Shadows haunt Cameron and Miliband in conference season
Party leaders are looking spooked as Boris haunts Cameron and brother David haunts Ed
DAVID CAMERON is still worried about being overshadowed by Boris Johnson at next week’s Conservative party conference despite the pair enjoying a ‘peace lunch’ with their wives at Chequers.
The London mayor’s star is rising among Tories as fast as the Prime Minister’s is falling and Cameron’s nightmare is that Boris’s two starring engagements in Birmingham on the Tuesday will blow his big closing speech on the Wednesday out of the water.
Boris will speak from the main platform the day before Dave’s speech to tell the Tories how to win elections. The Mayor of London is being urged by his allies to be statesmanlike and serious (not easy for someone who once described his own appearances as “light buffoonery duties”).
But it’s Boris's Tuesday night speech upon which all eyes will be turned. He will speak on the fringe of the conference at an event hosted by the ConservativeHome website, run by Tim Montgomerie, which has been a thorn in Cameron's side ever since he formed the coalition with Nick Clegg and the Lib Dems. The subject of his address is: ‘Boris Johnson's 2012. Re-elected and Olympotastic.’
Small wonder therefore that Cameron called Boris and Mrs Boris a fortnight ago to offer them Sunday lunch at Chequers at the weekend.
It's easy to imagine the conversation: 'Now look here, Boris. You can't become Prime Minister this side of the general election and I don't want you cocking it up for me.'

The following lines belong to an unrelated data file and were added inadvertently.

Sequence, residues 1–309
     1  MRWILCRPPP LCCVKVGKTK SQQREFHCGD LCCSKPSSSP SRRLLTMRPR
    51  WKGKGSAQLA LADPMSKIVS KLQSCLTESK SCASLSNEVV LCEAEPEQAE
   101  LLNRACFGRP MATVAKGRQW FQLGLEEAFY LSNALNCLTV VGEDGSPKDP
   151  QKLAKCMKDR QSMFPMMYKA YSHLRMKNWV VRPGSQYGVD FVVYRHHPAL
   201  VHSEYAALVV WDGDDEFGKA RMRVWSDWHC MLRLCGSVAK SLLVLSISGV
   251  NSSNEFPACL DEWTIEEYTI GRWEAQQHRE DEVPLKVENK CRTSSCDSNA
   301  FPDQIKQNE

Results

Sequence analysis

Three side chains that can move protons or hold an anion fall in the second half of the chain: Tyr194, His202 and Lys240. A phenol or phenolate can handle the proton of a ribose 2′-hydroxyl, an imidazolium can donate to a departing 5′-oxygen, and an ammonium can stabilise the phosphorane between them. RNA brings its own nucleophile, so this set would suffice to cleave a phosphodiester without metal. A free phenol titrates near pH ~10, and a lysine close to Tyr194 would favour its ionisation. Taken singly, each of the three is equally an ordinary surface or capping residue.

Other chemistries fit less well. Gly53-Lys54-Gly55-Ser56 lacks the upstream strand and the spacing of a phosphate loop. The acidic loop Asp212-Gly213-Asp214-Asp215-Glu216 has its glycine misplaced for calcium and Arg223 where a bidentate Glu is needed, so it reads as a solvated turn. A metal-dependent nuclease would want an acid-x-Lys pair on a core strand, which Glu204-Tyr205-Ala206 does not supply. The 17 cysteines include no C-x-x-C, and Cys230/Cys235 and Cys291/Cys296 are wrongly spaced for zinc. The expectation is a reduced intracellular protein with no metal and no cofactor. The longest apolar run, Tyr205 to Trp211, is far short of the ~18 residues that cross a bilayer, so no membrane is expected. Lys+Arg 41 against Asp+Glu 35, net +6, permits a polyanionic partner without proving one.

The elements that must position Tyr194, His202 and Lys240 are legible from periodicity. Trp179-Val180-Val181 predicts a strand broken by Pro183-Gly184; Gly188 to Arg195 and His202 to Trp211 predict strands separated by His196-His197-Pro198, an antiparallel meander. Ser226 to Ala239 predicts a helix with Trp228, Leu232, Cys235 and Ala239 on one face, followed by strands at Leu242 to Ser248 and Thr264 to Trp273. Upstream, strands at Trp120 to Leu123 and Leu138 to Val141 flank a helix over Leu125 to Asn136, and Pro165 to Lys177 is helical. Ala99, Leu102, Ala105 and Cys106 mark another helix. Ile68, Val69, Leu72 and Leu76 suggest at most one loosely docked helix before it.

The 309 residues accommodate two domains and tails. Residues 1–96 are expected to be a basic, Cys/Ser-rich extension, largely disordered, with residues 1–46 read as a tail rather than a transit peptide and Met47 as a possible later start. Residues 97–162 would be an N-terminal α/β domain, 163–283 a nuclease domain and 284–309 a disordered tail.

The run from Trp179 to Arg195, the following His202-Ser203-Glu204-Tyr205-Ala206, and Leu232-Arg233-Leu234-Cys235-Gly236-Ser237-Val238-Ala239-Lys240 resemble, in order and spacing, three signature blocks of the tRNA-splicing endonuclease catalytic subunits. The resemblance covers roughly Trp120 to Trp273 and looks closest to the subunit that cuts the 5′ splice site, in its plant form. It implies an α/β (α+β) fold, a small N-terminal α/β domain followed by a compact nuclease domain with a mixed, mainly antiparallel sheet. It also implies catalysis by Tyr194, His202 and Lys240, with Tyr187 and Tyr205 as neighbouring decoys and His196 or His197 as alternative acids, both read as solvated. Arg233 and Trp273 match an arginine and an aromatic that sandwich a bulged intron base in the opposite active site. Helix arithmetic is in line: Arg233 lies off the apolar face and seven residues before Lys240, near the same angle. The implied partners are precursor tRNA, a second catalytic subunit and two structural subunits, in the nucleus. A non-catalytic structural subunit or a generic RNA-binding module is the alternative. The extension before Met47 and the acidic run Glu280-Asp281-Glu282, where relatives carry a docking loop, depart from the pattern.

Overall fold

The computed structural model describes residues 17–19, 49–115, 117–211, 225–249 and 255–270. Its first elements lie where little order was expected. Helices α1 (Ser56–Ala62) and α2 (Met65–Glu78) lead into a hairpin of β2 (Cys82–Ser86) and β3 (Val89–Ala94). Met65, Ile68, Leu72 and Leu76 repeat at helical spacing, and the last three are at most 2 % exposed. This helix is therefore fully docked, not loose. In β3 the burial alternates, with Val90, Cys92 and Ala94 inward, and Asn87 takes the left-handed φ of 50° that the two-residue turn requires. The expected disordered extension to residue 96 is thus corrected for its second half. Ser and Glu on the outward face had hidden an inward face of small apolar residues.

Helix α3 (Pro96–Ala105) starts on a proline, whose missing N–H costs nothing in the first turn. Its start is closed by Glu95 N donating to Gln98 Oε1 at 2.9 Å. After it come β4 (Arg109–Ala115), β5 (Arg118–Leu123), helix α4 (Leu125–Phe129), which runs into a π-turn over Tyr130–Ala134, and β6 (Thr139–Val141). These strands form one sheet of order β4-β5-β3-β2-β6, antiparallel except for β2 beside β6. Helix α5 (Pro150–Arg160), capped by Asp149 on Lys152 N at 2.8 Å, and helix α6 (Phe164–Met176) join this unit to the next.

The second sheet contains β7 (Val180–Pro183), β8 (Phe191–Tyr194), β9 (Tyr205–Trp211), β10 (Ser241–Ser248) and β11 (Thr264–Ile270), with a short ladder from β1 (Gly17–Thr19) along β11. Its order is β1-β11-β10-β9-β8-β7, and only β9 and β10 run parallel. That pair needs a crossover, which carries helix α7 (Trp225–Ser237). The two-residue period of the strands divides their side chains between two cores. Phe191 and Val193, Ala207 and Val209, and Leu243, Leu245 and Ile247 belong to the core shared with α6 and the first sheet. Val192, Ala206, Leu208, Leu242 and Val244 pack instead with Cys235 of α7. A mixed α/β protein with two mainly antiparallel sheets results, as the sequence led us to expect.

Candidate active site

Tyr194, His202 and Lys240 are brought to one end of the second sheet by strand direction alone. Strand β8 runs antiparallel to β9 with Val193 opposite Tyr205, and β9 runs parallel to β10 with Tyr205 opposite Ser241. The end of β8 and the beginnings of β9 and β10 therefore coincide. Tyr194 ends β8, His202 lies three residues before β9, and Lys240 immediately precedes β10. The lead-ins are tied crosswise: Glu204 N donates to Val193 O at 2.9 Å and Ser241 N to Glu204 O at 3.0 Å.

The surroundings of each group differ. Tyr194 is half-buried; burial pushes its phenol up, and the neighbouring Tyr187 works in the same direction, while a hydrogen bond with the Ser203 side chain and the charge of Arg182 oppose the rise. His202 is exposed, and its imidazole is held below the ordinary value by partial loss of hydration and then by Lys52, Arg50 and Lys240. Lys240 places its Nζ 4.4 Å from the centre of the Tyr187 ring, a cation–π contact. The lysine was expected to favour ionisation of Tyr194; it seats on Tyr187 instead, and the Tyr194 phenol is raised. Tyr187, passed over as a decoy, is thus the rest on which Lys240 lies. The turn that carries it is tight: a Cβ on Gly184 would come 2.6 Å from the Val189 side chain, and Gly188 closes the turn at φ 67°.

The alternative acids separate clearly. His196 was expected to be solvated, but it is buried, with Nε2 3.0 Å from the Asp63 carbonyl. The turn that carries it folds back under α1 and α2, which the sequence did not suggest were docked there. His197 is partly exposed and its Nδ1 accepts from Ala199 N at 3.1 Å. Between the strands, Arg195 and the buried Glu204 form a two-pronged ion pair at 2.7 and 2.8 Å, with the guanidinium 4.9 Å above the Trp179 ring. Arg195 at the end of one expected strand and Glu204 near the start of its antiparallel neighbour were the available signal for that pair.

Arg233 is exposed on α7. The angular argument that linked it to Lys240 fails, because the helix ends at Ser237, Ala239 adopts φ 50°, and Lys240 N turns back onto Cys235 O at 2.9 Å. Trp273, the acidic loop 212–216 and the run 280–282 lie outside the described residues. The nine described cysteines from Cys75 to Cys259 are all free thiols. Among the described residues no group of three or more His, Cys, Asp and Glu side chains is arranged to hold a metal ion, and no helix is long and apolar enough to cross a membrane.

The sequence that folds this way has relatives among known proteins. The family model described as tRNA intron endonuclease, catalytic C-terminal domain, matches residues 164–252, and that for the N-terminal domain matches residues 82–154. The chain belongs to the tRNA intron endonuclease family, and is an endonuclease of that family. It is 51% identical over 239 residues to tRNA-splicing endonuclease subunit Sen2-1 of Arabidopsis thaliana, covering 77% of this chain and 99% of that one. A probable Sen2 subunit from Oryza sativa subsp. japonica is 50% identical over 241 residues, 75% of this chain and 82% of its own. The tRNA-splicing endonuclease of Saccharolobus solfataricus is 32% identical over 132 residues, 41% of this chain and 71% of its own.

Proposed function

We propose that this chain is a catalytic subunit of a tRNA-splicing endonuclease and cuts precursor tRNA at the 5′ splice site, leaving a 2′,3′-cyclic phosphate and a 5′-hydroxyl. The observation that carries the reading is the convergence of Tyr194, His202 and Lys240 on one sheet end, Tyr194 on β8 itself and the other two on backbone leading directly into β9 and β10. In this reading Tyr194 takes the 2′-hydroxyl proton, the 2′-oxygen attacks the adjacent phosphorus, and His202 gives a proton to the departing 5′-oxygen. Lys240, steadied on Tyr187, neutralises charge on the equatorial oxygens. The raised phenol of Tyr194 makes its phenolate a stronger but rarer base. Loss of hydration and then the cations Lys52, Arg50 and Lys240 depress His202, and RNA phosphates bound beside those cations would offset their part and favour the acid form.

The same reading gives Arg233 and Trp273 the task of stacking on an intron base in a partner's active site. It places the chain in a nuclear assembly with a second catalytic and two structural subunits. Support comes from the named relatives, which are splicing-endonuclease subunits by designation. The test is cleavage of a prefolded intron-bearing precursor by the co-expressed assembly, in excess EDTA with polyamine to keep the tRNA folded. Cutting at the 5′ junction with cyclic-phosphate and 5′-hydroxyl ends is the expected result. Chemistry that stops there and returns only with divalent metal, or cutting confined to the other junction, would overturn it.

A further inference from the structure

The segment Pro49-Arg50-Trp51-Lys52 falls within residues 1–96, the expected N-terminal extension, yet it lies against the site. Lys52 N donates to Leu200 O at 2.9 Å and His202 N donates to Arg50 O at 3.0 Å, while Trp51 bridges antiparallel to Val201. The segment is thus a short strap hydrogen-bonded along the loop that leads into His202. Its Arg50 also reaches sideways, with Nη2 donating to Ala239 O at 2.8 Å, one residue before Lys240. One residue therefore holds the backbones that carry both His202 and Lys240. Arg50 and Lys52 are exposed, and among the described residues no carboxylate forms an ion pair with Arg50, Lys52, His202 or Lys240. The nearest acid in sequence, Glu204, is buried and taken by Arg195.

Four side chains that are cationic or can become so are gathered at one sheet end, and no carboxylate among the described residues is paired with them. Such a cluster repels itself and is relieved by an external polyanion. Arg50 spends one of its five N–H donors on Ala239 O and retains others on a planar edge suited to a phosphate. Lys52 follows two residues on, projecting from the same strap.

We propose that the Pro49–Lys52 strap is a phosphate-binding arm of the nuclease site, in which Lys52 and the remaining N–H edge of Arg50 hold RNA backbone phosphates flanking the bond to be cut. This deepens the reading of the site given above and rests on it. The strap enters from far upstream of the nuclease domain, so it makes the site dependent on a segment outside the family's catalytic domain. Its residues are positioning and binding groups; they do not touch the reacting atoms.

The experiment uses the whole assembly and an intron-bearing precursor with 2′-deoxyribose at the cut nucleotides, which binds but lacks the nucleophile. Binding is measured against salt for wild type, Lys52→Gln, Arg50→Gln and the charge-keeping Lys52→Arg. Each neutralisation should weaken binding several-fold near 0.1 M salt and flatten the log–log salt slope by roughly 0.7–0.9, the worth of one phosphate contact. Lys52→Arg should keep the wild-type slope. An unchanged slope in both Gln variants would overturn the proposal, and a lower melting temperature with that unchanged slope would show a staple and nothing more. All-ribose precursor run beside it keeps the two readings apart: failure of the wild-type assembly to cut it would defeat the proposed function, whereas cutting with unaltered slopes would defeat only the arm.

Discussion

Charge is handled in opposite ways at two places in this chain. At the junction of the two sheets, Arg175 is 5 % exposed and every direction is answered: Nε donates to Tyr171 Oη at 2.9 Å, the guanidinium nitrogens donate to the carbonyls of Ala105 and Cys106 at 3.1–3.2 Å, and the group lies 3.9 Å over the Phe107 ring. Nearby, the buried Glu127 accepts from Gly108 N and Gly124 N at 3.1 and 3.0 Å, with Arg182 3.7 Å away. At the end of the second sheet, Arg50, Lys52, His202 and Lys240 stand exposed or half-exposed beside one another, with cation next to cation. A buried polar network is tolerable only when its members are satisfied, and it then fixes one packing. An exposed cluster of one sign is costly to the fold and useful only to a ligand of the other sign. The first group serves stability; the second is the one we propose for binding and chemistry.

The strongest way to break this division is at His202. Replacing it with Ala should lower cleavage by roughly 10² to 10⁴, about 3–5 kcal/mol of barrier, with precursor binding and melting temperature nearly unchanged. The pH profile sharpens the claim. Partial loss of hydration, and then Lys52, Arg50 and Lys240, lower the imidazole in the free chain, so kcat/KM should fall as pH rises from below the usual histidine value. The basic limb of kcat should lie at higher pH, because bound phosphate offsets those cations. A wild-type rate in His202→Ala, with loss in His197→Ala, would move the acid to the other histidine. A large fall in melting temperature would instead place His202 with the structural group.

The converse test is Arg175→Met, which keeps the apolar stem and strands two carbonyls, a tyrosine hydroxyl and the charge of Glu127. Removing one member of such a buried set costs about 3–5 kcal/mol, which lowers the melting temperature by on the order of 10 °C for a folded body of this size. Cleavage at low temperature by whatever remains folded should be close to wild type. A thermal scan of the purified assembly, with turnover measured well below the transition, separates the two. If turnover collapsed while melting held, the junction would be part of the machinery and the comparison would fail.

Anything Cameron said to his fellow Old Etonian is unlikely to have much effect, as Boris cannot help but play to the gallery when the spotlight turns on him.
Meanwhile, Ed Miliband is dealing with his own shadow at the Labour party conference in Manchester: his brother David, who will be absent from Ed's keynote speech tomorrow afternoon. David said yesterday if he was present in the hall - where the unions elected his brother two years ago - he would become the story not Ed.
David's allies are urging him to stay for Ed's speech and to get back into the rough and tumble of politics as a member of his brother's shadow cabinet at Westminster. The only point when Ed appeared pained yesterday in his interview on the Andrew Marr Show was when he was asked about his brother.
"He made the decision not to join the shadow cabinet," said Ed, almost visibly wincing. "He wants to be on the front line but not on the front bench." Asked whether the door was open for him to come back, Ed ducked the question, saying: "He is a huge asset to the Labour Party..."
Ed the Geek will try to rebrand himself as a Good Bloke in the Labour party political broadcast going out this week. But the truth is - judging by the opinion polls - the voters would rather have David than Ed while Boris is streets ahead of Cameron in the popularity stakes.
A YouGov poll a fortnight ago showed Boris to be Britain's most respected political leader with a net score on ‘respect’ of plus 25 points, while Camo scored minus 18.
A Populus poll for the Tory Party published at the weekend showed that nearly 65 per cent of Labour voters believe David Miliband would have made a better leader than his younger brother.
The Labour and Conservative party conferences are likely to reinforce the feeling that it is a pity the two parties are not led by Boris and David. Now that would be a contest. ·